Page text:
Emerging market financials also benefited from the change in interest rate outlook, expectations for easing liquidity conditions and a weaker US dollar. The divergence in performance within emerging markets seen during the year continued with strong gains in Latin America and South and South-east Asian markets (India and Indonesia outperformed) alongside underperformance in China where growth concerns and unresolved issues within the real estate market remain an overhang. The Fund is marginally overweight Latin America via a holding in Grupo Financiero Banorte and we added to our exposure through a new position in Gentera, the largest microfinance company in the region.
European financials underperformed in the month, affected by the insurance sector, although have still outperformed for the year as a whole supported by strong gains in both the banking and diversified financials subsectors. Following earnings upgrades for European banks on the back of higher interest rates, we expect the shift in monetary policy outlook to drive a change in leadership and have adjusted the Trust’s positioning towards some of the less interest rate-sensitive banks in Europe, for example adding to holdings in BNP Paribas and ING Groep.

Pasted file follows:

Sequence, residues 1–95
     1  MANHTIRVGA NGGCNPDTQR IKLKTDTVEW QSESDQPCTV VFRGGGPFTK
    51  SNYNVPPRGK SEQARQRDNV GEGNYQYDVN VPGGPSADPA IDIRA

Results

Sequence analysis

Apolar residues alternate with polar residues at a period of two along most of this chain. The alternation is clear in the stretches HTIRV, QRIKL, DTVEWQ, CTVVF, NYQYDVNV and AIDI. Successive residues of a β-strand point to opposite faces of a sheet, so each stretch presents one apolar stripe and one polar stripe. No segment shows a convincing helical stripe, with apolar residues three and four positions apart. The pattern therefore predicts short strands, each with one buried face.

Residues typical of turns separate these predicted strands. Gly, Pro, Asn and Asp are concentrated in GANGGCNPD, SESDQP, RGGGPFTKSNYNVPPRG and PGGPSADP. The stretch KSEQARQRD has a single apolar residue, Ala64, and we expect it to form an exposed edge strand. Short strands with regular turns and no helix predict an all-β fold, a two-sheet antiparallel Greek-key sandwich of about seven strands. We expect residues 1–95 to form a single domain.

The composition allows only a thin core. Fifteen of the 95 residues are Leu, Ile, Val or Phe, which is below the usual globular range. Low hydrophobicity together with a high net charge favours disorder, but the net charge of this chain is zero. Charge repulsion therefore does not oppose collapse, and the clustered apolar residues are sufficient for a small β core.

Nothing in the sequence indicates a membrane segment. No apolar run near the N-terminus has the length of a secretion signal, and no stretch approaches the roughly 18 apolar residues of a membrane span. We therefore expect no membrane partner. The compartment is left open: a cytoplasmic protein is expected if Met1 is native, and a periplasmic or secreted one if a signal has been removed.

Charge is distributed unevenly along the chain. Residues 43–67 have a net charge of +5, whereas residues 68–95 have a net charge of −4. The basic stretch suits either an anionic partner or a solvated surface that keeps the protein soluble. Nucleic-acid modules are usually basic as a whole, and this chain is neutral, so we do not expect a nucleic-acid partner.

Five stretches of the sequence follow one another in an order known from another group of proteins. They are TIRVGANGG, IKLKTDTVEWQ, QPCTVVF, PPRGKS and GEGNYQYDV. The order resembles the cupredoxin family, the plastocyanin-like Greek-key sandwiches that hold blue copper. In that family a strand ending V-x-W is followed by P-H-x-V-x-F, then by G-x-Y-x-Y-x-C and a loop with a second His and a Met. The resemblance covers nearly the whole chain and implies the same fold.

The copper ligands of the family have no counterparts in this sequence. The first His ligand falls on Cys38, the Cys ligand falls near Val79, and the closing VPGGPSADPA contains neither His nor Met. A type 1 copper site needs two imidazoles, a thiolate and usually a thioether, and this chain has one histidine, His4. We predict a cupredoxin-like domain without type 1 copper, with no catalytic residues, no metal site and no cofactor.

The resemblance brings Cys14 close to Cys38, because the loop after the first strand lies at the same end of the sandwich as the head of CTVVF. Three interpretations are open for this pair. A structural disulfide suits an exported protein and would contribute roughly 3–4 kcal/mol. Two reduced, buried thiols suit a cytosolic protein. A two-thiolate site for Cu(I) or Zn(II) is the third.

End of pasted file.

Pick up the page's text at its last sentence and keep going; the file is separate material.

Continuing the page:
Within diversified financials, alternative asset managers saw strong gains in December and we used the opportunity to increase our exposure. European alternative asset managers for the most part have lagged their US peers in 2023, which performed much better than expected despite concerns around weaker fundraising activity and concerns on marks taken on legacy assets. Recent feedback from our meetings with managements points to an improved outlook for fundraising and deal activity supported by the shift in interest rate expectations.